Editor’s note: This story will be part of a special section on ethics in dealerships’ F&I departments, to be published in the Dec. 10 print edition of Automotive News.
When a dealer learned his lucrative finance and insurance department was making some of its cash charging customers $3,000 for a year of free car washes — a cost exorbitantly higher than the $199 retail price — he asked F&I trainer Ron Reahard if that was a problem.
"It's just not ethical," said Reahard, president of F&I training company Reahard & Associates in Soddy Daisy, Tenn. "That's where dealers get themselves in trouble, pressuring too much on 'How do I make more money?,' and focusing on the dollars without paying attention to how those dollars are being made."
F&I personnel are trained about compliance, but what about ethics? While compliance is tied to a hard set of regulations that are enforced, ethics are typically related to values that are declared or at least implied by dealership management to employees, with varying degrees of success.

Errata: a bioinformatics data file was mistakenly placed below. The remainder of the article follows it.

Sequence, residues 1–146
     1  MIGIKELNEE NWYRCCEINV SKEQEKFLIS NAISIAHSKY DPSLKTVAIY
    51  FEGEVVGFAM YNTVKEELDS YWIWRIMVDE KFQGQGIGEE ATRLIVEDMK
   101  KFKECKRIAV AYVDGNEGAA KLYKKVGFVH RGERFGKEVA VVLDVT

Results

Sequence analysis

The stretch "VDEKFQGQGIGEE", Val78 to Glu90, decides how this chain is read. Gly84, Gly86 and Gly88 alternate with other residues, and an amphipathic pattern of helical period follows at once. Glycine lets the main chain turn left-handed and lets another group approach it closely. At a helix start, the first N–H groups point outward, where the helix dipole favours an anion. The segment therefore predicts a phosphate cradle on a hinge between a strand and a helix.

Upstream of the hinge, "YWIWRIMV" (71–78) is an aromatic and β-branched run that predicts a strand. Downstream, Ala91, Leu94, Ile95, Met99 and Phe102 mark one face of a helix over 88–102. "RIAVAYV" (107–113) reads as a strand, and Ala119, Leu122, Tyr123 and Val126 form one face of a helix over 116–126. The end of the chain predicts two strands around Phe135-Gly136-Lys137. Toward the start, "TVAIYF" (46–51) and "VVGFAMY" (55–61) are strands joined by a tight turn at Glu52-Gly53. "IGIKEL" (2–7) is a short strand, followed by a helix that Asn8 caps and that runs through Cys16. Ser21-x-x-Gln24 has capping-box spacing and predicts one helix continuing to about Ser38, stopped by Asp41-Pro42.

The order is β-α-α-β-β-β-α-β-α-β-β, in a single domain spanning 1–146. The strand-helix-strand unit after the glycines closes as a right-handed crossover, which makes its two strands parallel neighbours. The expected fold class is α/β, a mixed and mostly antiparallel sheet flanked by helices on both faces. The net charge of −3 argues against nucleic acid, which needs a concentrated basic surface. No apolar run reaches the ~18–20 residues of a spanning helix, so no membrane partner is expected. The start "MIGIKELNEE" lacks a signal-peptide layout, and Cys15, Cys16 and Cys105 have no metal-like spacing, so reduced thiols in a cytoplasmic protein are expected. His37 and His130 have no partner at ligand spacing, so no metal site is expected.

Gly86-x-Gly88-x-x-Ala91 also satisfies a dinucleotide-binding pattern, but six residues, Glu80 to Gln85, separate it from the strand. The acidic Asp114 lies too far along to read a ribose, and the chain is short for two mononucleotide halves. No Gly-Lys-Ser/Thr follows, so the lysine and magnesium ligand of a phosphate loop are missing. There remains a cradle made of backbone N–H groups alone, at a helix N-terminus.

The relationship between compliance and ethics is especially acute in the F&I department, where regulatory hurdles are abundant but the possibility of making more money is often a focal point.
Reahard said dealers should pay attention to where the money is coming from and limit how much profit is made on F&I product sales and dealer reserve.